Lumber, bale wrap, rebar, tile drainage, you name it
AYLMER — Rising input costs are the unfortunate flipside of high crop prices otherwise fuelling optimism in southwestern Ontario farm country.
The price of almost everything is going up, from food in the grocery store to fuel and lumber. Plastics have surged in price, more than doubling the cost of tile drainage tubing and bale wrap. We can thank the pandemic lockdowns. There are logjams around the world in the supply chain. Contractors have had to sit in a parking lot to wait for the curbside purchase of one screw. Last year’s COVID outbreaks in meat plants and among labourers working close together have also slowed down production and, in some cases, left crops to rot in the field.
Fertilizer, seed, fuel and chemical costs are all vying for a bigger share of this year’s crop revenues. The trend has become even more apparent over the winter.
“Anyone who booked their inputs earlier, before the run-up in prices last fall, clearly, is in a much better position than people who decided ‘to ride it through’ to spring,” said Steve Twynstra of Twilight Acre Farms in Ailsa Craig. Next season “will be the kicker,” suggested the Essex County Grain Farmers of Ontario director, as “long-tail” input cost increases carry forward to all growers.
“It’s still going to continue to be a margin-based business,” cautioned Twynstra. “And you’re going to have to continue to operate under sound management-based principles.” That means managing increased input costs — including higher land rental prices — and the ever-present potential of a poor crop if the weather doesn’t cooperate.
But the cash-cropping industry’s expected gain — assuming at least an average crop — will ironically mean key cost increases to the livestock industry. “They’ll take it on the chin, unfortunately, at least those who are dependent on feed purchases,” he observed.
Looking ahead, Twynstra also expressed some apprehension over a potential rise in interest rates — as a corollary to rising inflation — which would have a “drastic effect” on the per-acre cost of planting, growing and harvesting crops in the future.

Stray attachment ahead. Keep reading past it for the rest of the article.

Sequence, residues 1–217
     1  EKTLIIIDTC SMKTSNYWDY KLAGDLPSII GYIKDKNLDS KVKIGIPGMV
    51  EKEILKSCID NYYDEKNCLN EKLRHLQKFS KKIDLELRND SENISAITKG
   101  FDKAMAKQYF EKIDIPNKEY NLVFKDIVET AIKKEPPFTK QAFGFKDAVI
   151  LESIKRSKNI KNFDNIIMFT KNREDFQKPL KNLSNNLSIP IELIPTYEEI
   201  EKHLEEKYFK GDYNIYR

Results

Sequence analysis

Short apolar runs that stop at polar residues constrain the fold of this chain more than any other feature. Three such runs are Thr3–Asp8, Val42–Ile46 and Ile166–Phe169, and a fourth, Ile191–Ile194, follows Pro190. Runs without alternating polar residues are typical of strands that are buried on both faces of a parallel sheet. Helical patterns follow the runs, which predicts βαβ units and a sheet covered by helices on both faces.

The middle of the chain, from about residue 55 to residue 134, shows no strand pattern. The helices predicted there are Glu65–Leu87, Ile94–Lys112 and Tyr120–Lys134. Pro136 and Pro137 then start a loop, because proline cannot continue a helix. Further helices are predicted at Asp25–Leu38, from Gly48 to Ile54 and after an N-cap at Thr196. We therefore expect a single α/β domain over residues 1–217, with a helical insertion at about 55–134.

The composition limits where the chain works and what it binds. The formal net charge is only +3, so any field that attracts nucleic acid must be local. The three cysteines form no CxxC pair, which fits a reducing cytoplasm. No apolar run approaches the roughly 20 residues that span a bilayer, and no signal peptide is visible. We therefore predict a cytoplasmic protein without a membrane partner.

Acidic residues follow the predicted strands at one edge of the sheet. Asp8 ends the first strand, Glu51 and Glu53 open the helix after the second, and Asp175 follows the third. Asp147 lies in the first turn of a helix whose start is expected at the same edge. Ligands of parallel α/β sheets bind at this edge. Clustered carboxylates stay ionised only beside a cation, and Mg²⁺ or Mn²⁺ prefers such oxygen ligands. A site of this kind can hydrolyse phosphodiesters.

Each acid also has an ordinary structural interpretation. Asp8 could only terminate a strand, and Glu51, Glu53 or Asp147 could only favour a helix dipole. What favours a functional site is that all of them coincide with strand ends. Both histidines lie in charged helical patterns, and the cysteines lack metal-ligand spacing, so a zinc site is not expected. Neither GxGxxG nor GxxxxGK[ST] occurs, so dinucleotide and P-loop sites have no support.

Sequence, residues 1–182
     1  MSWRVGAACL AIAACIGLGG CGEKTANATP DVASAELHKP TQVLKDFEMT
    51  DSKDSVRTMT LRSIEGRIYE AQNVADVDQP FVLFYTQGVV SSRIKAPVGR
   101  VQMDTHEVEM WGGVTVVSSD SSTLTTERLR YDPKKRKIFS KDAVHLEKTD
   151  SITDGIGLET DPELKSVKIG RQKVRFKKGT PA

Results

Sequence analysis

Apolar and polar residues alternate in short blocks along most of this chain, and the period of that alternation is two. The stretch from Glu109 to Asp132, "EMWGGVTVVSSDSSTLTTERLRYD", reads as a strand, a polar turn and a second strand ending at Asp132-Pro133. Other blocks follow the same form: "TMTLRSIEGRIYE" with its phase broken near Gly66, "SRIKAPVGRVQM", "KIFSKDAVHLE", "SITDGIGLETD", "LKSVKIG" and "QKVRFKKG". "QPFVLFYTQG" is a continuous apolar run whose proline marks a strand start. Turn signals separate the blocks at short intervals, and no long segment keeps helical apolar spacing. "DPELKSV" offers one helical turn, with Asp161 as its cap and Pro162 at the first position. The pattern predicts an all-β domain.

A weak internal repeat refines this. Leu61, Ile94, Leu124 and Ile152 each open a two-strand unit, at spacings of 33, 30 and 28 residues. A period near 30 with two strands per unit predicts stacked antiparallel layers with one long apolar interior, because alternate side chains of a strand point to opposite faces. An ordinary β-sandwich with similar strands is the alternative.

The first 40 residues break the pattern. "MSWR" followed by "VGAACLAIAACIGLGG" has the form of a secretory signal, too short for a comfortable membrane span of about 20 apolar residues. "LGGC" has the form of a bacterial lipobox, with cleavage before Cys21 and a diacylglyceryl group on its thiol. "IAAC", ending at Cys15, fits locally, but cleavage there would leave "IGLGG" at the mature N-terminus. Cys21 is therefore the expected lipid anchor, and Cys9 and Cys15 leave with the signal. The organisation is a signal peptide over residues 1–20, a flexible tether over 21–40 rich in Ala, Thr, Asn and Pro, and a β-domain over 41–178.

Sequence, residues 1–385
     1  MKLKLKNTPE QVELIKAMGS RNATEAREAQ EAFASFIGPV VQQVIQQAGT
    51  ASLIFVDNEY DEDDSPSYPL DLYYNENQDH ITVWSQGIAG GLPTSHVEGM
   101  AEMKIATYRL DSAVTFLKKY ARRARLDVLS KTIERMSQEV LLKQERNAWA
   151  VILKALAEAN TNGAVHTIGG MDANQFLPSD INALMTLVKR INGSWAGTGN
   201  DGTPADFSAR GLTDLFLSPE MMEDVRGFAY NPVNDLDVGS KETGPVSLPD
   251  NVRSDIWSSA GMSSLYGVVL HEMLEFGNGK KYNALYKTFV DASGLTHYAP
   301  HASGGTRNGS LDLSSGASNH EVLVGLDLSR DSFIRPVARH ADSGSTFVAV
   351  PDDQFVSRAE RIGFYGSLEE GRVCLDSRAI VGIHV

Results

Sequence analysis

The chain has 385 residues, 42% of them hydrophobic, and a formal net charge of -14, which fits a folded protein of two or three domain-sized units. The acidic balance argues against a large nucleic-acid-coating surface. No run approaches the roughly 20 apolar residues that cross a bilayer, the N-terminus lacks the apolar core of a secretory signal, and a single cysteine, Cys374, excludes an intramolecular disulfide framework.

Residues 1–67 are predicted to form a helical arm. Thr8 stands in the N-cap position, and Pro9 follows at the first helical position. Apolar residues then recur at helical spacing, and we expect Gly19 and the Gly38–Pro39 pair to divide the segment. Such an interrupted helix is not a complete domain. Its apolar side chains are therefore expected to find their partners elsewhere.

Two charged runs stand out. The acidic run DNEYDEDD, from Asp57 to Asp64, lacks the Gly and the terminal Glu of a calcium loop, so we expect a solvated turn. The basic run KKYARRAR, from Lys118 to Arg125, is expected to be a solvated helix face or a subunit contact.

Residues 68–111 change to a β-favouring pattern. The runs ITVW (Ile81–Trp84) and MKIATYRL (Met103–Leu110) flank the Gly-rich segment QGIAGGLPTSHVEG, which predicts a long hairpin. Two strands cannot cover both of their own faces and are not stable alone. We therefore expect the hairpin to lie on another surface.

As for those farmers contemplating a barn expansion and other construction projects, material costs are way up — not to mention tight supply, long lead-times and outright shortages in some cases.
Rebar alone has increased 80 to 90 percent in value since last fall, and new price lists are being issued every three to four weeks on steel cladding and other products. Lumber has surged about 300 percent since the start of the pandemic. Aspenite chip board has increased from about $14 per sheet to $65.
“It’s insane,” said Steve Secord, owner of Secord Home Building Centre in Aylmer, recalling that a spruce 2×4 was $5 last year. But now “a regular 2×4 costs over $11. I’ve seen nothing like it. The way prices are, I’m not buying a lot of inventory. I’m just kind of ordering what I need.”
Fibreglass insulation takes two to three weeks to arrive, he said, while the Roxul (rockwool) alternative must be ordered four to five months in advance. He hasn’t been able to get electrical circuit breakers for five months and cedar shims have all but evaporated from the market. “I haven’t seen them in over a month.”
He knows of a contractor building a 50 ft. by 100 ft. barn who was quoted at $10,900 for trusses in February. But that vendor proved unable to deliver, and the price rose to $22,900 when Secord stepped in to fill the order this spring.
He also reported that his treated wood wholesaler called days earlier to announce a 30 percent price hike.
“It’s hard to quote anything, because a quote’s only good for a week,” said Chris Siemon, owner of Keith Siemon Farm Systems Ltd. in Walton.
Specializing in things made of steel like penning, feeding and manure-handling equipment, Siemon said his suppliers have hiked prices by between 8 and 18 per cent in the first quarter of 2021.
“I’ve heard from a fellow who saw the overall price of his barn construction project go up by $200,000,” Siemon offered.